In the “nuts and bolts” series, I explain and discuss some of the fundamental ideas in philosophy (and theology sometimes) that are taken for granted within the discipline, but which might not be very well known to ordinary human beings. This time the subject is nominalism.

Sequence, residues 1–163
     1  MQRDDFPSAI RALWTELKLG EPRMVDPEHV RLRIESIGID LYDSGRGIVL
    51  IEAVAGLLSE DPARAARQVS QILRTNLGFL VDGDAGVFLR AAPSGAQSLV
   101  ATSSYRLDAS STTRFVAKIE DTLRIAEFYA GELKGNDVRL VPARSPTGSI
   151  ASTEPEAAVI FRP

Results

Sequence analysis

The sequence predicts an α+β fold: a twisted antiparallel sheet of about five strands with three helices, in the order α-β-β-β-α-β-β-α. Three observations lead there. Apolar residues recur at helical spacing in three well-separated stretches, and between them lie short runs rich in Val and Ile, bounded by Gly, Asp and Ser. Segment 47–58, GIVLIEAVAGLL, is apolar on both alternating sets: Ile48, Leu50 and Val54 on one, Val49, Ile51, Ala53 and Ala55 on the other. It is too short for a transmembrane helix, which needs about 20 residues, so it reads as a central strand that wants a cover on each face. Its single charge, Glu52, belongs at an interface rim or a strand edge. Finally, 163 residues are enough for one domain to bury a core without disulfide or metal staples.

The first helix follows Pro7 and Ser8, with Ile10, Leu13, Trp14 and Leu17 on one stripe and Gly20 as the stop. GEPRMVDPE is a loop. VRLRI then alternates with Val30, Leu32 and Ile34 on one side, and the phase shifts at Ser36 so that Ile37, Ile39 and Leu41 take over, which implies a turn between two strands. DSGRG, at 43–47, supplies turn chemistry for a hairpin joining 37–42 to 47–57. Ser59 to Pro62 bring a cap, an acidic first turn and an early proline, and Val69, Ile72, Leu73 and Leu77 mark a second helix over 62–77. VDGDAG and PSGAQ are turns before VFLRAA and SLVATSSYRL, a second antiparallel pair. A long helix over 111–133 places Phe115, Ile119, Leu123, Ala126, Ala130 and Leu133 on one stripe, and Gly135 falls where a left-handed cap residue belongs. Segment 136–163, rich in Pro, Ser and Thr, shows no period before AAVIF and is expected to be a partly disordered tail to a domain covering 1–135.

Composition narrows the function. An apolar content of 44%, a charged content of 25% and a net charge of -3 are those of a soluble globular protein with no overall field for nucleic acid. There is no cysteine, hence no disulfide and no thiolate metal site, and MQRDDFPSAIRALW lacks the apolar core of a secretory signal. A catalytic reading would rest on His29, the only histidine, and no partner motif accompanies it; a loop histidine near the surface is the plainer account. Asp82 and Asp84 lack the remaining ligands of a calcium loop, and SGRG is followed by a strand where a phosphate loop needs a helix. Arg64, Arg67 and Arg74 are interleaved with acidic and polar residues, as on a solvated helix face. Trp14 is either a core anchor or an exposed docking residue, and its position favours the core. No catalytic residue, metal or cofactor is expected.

Do tables exist? Do all red apples (assuming that apples exist) have something called “redness” in common? These might strike most people as pretty weird questions, but questions like these are at the heart of the distinction between realism and nominalism. They’re both ways of addressing the problem of universals. We classify things all the time; as circular, as yellow, as an elephant, as a mountain, as a snail, as wooden, as evil, and so on. Nominalism and realism are alternative ways of thinking about what we’re actually doing when we classify things this way. I’m going to be zooming in on nominalism here, but I’ll be simplifying heavily in the spirit of only attempting to provide the nuts and bolts, without going into a whole lot of depth.